I appreciate your intervention, but it does not change our position on the overall question of granting the independence to the chair of the commission.
    (Amendment negatived [See Minutes of Proceedings])


     NDP amendment 11.
    Thank you very much, Mr. Chairman.
    We're still on clause 35. One of the peculiar things here is that the bill says that when there's a contract for policing between a province and the federal government, if a provincial minister wishes to have an investigation under that contract, they would have to go through the minister they have the contract with in order to get that investigation.
    The purpose of our amendment is to remove the requirement that provincial ministers go through the federal minister to request an investigation by the commission. In other words, what we're doing here is strengthening the equality between the parties under the contract by allowing either of them to ask for an investigation from the commission, without the permission of the other.
    Ms. Bergen, go ahead.
    Again, we wouldn't support this. The CRCC obviously falls under federal jurisdiction. There is a mechanism in place whereby provinces can ask, but it would be through the proper channels, which is the minister. So we think it's important, and again, under jurisdictional powers and....
    This bill is a pretty big bill, and if we start adding components like this—again, maybe the legal team wants to talk about it, but it would add unnecessary complications. The provinces can ask for these reviews, but it would be through the proper channel, which would be the minister.
    (Amendment negatived [See Minutes of Proceedings])
     On NDP-12.
     Thank you very much, Mr. Chair.
    The tight timelines meant that I ended up moving all these amendments, and I'm now beginning to regret that because I'm sure my colleagues could do an equally good.... But the tight timelines mean that I am presenting all of these today.
    You're doing a very good job. Don't let the result deter you.
    As you can see, I'm not about to let the result deter me.
    As the honourable member notes, we have been supporting the government amendments. We had hoped there would be at least one in this batch of amendments to improve the bill that might see support on the other side.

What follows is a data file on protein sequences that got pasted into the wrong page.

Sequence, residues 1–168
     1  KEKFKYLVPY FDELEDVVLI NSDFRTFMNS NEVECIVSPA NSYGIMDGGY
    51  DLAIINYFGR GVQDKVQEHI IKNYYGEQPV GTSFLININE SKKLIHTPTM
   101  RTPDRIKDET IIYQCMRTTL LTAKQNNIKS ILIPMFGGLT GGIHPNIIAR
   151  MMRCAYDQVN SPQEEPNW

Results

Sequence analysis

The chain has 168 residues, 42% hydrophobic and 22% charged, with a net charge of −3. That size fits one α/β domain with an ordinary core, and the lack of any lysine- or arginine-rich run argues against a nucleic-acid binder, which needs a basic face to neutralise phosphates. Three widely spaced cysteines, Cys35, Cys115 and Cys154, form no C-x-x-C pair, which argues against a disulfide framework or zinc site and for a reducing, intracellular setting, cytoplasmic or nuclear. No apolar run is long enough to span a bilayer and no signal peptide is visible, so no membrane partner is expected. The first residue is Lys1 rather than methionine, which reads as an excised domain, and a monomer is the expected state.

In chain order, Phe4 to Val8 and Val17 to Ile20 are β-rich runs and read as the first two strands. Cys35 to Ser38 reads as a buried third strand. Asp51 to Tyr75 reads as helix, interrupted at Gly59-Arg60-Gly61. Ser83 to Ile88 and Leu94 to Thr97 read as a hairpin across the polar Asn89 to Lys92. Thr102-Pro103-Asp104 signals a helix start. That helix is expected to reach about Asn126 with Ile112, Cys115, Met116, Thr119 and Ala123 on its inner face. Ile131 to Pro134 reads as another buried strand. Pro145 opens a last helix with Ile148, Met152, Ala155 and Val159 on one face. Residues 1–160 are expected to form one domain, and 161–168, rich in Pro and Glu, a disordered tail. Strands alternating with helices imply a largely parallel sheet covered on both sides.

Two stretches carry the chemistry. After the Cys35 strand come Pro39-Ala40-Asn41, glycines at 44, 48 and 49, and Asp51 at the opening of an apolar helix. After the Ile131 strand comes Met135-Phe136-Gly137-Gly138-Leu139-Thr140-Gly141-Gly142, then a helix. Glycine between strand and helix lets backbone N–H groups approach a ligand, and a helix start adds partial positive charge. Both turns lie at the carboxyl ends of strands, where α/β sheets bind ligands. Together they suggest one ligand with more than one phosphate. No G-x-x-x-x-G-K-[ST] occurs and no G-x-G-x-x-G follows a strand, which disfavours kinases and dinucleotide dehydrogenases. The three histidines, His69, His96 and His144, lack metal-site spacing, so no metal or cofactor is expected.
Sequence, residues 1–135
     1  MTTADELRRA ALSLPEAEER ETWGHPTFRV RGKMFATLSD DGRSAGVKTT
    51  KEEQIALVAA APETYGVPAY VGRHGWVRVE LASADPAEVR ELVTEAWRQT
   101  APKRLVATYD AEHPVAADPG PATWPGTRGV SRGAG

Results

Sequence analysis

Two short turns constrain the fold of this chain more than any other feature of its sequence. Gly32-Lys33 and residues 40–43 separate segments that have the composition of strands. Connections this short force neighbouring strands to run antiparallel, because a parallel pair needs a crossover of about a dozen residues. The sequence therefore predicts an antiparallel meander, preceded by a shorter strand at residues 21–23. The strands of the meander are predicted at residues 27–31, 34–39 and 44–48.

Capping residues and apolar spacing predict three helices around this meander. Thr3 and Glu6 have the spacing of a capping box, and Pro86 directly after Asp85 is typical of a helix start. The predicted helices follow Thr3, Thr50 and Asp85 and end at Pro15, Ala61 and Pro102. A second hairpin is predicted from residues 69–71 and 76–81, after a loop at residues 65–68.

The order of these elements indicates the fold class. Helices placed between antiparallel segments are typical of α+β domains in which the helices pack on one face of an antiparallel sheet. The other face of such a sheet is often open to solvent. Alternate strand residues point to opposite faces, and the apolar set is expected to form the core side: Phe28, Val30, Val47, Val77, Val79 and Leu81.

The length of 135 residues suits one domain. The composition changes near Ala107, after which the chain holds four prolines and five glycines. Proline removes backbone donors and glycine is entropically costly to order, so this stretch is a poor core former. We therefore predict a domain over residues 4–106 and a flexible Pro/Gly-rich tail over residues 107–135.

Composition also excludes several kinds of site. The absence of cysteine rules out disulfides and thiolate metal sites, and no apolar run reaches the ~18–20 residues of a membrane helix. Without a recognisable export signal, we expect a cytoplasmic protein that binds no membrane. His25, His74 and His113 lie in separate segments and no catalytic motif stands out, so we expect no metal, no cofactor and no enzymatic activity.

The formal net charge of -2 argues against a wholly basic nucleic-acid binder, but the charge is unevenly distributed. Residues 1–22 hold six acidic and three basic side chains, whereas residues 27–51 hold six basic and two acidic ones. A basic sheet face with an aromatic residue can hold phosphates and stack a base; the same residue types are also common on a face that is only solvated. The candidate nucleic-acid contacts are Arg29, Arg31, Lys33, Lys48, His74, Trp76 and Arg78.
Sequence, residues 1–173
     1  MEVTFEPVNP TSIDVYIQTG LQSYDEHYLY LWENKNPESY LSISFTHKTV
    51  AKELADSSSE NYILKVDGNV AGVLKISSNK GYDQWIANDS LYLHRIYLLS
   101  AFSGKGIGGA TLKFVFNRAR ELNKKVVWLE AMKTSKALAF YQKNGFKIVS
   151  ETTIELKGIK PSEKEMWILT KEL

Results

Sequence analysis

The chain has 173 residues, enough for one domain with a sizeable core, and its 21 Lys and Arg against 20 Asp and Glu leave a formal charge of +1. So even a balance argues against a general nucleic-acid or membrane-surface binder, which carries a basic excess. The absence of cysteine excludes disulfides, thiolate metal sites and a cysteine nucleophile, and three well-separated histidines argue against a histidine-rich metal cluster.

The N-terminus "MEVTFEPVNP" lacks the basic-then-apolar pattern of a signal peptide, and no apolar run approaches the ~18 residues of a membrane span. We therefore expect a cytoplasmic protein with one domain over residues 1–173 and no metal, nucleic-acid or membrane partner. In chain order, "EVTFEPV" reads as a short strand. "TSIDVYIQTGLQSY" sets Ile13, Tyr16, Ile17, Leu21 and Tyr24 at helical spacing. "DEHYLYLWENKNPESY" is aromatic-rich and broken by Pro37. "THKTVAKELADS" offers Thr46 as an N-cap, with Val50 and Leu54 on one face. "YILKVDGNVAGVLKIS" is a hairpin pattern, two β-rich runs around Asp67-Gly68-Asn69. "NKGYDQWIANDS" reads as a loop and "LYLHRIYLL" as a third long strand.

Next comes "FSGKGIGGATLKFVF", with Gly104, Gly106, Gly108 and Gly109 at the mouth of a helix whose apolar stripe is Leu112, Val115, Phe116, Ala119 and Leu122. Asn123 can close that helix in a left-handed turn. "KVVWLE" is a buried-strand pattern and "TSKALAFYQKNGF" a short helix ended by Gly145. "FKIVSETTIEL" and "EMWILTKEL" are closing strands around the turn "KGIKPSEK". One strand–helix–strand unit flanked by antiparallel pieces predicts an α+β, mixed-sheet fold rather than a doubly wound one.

It's NDP 12. Let's get to 12.
    The bill sets up a rather complicated process in disputes over access to information between the commission and the RCMP commissioner. We heard very strongly from Paul Kennedy, as the former commissioner. We also heard from Mr. McPhail, if I remember his testimony correctly, and also from Mr. Mukherjee, from the Canadian Association of Police Boards, that it's necessary for commissions to have access to all information.
    There are ways that are parallel to those done in SIRC where you can make sure sensitive information is not subsequently released to the public, but the commission needs to see the information before it can determine the relevance. This sets up a process where a third party, probably a retired judge, would make recommendations on those disputes. The comment was then made by officials, I believe it was Mr. Potter, that if the parties still don't agree, they can go to court.
    Our purpose in suggesting this is that we don't see why—if we've brought in the third party, a neutral party with expertise to give a recommendation—we shouldn't avoid those future court costs and delays by simply making those recommendations binding on the two parties. Either we have confidence in this third party's recommendations or we do not. We don't see the point of subsequently having a court dispute between the commissioner and the commission when we've had a third party look at this and make recommendations. This would make the recommendations of the third party binding in disputes over access to information.
    Thank you, Mr. Garrison.
    Ms. Bergen.